Care For Your Pair - Catríona Kennedy's story
'If something doesn’t feel right, you do not have time to waste. Don’t be reluctant to speak to your doctor.'
Triple negative breast cancer survivor Catríona tells of the importance of listening to your body’s warning signs.
Catríona Kennedy from Blackrock in Dublin was diagnosed with stage three triple negative breast cancer in June 2018, one month after her 32nd birthday. She discovered a lump in April, but thought very little of it, having had a benign tumour removed from her breast tissue nine months earlier.
She rang her GP straight away and her GP referred her to St. Vincent’s Hospital for a biopsy, but Catríona didn’t really feel too concerned, due to the nature of her previous lump. She says, “I was referred for a biopsy five weeks later and because of my previous lump and the delay in referral, I was positively cavalier about it and felt calm and relaxed, thinking it can’t be anything too serious."
The week after her biopsy, the hospital asked Catríona to come in for her results. She recalls this time feeling different:
She remembers her consultant telling her the shattering news that she had stage three breast cancer. “They said, 'You have cancer, but we have a plan. You’re young and fit you will bounce back.'"
Catríona was devastated and describes how her friends and family were ‘stunned’ as she was a healthy non-smoker, occasional drinker and an avid Cross Fit gym goer.
Before Catríona’s treatment began, her consultant advised her to undergo egg harvesting, to give her the best possible chance of having children post-treatment. She says this was a tough start to her cancer experience, as she was just coming to terms with her diagnosis, whilst having to spend every day in the Rotunda undergoing egg harvesting treatment. Due to the size of her tumour, the consultant could only allow her a two week window before her 16 rounds of chemotherapy began.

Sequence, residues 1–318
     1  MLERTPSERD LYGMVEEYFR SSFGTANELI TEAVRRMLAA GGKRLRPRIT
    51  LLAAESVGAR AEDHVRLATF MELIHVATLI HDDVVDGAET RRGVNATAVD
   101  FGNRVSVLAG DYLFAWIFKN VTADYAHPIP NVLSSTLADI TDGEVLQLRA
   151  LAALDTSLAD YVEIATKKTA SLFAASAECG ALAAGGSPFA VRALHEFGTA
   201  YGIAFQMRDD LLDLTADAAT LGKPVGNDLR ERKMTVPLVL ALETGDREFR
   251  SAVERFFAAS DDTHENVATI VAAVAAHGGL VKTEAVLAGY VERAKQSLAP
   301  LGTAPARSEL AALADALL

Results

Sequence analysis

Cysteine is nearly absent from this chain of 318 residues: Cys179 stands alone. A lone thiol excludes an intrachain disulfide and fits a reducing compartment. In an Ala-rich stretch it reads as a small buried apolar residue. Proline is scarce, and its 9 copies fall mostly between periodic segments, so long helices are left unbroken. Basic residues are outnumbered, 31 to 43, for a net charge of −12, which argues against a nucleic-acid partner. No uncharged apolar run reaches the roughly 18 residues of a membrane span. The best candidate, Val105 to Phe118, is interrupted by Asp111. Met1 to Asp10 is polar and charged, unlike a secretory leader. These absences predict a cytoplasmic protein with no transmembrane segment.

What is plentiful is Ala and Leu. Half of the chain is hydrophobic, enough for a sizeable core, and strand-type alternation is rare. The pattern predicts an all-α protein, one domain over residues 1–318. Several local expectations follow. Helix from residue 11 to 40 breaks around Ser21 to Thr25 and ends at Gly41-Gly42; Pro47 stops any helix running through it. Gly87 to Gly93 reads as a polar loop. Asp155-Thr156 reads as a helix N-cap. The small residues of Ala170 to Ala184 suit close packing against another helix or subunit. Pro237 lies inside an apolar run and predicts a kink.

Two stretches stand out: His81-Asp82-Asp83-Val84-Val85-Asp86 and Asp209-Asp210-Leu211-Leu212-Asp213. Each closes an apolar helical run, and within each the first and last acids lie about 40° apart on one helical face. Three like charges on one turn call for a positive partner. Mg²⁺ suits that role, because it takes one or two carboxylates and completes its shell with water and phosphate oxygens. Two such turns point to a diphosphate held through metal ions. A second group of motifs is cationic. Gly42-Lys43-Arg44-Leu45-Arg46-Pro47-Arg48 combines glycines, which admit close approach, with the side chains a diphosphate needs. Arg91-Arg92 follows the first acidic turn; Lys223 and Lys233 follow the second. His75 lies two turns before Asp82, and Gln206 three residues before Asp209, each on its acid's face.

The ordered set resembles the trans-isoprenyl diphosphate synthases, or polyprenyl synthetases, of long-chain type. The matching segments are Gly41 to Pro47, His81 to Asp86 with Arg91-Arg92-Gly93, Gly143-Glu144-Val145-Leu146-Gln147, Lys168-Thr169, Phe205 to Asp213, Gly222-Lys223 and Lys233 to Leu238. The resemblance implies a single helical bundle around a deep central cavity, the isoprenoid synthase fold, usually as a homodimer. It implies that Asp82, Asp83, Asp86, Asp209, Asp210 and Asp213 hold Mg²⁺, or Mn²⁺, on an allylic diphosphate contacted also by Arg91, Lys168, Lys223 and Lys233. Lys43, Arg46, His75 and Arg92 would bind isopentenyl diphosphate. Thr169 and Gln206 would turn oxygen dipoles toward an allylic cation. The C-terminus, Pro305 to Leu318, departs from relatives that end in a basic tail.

Catríona experienced many challenging side effects from treatment, including hair loss and fatigue, but most notably, she contracted neutropenic sepsis - a potentially fatal infection, which left her hospitalised for weeks and delayed her chemotherapy treatment significantly.
She finished her chemo on 28 December 2018, then underwent surgery to clean out the tumour bed in January 2019. This was followed by 20 sessions of radiotherapy, and Catríona finished all treatment in April 2019.
During treatment, Catríona found some solace in the Irish Cancer Society Daffodil Centre in St. James's Hospital:
As Catríona celebrates being cancer free, she wants to encourage women of all ages to listen to their bodies and if something doesn’t feel right, to visit their GP.
She says, “Looking back, the fatigue was the big warning sign for me. If something doesn’t feel right, you do not have time to waste. Don’t be reluctant to speak to your doctor… Sometimes it can be nothing, but sometimes it can be something. And yes, it can be scary, but people need to advocate for themselves."
Learn more about breast health and about how you can support breast cancer patients this October.
For more information
1800 200 700